This is a stimulating and original piece of work. Quill maps out the history of liberal and republican political theories and re-interprets them in this age of globalisation. At the heart of this book is a new definition of citizenship which questions the cherished beliefs in liberalism confined as they have been by the narrow boundary of the nation state. No longer are we simply citizens of a particular country but `world citizens' where our government's dealings in other parts of the world are questioned and protested against.
Quill's term for this new state of world citizenship is `cosmorepublicanism'. Technological advances have changed the face of the planet - the world has become a smaller place (`postmodern geographies') - and changed the way that power is gained and used. But new technologies have also ushered in the new form of resistance and protest outlined in this book. Communication, the specific example here being the internet (political involvement is a just a `click of a mouse away'), has enabled people to forge allegiances, not based on identities constrained by physical/national borders, but more likely to be based on a self-determined morality.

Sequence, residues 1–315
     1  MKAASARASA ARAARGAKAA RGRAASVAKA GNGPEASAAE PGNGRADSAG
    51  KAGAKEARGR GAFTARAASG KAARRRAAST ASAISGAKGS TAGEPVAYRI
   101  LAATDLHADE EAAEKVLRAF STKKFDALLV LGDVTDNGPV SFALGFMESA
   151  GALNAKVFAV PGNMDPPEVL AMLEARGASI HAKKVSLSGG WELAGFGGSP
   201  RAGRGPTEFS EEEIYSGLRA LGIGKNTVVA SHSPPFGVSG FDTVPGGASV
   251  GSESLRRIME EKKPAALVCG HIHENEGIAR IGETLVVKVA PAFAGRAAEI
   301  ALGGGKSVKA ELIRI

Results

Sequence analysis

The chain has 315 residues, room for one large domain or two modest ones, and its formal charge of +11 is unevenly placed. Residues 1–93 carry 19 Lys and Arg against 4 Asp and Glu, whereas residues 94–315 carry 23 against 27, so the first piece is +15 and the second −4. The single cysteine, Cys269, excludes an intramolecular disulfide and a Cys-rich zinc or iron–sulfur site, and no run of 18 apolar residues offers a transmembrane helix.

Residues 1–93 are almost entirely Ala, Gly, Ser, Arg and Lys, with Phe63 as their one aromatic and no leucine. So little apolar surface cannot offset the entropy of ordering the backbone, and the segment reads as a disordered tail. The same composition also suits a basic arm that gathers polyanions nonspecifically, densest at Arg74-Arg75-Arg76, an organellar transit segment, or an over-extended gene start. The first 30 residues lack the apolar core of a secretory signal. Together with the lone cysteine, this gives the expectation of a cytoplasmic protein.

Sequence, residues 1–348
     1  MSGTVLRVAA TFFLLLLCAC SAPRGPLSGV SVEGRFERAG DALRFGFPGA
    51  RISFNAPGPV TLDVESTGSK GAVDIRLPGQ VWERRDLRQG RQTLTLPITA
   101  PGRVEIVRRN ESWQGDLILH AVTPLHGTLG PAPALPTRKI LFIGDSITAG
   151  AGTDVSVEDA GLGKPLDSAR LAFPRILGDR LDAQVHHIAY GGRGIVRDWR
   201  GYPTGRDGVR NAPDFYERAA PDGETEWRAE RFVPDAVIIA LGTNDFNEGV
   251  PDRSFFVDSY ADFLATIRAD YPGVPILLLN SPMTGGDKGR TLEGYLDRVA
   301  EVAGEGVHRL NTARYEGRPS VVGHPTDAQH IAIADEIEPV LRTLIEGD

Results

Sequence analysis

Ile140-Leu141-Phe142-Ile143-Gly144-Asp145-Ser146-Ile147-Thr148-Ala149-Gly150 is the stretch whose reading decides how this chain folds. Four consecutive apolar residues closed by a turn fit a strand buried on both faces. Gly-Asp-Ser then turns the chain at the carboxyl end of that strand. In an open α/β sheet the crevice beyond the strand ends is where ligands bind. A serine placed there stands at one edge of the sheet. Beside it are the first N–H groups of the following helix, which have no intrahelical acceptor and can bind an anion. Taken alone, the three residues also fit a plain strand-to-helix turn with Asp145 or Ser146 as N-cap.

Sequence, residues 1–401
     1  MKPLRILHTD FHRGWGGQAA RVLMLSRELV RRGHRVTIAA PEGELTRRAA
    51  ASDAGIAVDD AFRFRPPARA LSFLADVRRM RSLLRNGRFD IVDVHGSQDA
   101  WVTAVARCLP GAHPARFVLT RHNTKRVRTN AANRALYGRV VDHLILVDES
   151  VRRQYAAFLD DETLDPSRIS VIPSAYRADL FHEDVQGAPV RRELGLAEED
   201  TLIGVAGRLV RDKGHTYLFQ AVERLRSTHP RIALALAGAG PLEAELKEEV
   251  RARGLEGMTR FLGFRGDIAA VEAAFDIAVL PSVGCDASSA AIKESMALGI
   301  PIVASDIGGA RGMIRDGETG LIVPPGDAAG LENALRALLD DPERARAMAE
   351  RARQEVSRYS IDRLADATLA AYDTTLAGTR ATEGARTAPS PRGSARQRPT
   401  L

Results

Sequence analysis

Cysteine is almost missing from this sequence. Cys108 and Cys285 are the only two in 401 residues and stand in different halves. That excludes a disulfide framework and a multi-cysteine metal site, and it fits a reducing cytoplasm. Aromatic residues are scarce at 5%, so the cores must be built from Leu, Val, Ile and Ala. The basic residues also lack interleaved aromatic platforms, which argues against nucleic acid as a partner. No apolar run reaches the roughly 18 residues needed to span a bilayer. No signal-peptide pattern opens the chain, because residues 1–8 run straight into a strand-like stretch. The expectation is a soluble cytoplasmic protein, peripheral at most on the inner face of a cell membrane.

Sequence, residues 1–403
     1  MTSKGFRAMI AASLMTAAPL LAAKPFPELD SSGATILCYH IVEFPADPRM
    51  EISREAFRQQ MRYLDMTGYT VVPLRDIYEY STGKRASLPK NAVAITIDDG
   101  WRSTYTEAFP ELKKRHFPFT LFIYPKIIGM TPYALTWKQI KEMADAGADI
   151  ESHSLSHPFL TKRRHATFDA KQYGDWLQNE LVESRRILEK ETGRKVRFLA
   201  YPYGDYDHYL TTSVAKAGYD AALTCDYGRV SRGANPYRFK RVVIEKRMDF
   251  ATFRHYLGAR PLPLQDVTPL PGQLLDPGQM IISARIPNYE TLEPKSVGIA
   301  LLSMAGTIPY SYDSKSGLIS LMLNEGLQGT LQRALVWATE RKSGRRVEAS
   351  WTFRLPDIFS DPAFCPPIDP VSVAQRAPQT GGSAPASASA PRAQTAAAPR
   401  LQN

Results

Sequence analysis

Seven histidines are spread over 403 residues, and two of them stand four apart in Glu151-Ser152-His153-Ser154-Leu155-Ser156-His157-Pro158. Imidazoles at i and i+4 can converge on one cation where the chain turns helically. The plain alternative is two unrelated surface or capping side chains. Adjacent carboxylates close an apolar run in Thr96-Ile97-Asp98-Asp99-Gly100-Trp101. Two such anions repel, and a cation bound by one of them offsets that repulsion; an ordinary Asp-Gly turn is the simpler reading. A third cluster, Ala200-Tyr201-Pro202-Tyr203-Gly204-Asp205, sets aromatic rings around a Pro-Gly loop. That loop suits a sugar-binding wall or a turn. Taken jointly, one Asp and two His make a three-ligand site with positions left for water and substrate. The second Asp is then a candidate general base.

`Liberty after Liberalism' spends a fair amount of space in a historical outlining of liberal and republican theories. However, Quill goes further than a descriptive approach to his subject by suggesting a `nomadic' approach to political activism, appropriate to, and enabled by, cyber spatial communications.
The cosmo-rebuplican is `autonomous, tolerant, open-minded and willing to change their opinions through reasoned debates'. Being such a person involves an ironic element, which is about the necessity of realising the limits of one's power yet still doing what one can.Read more ›
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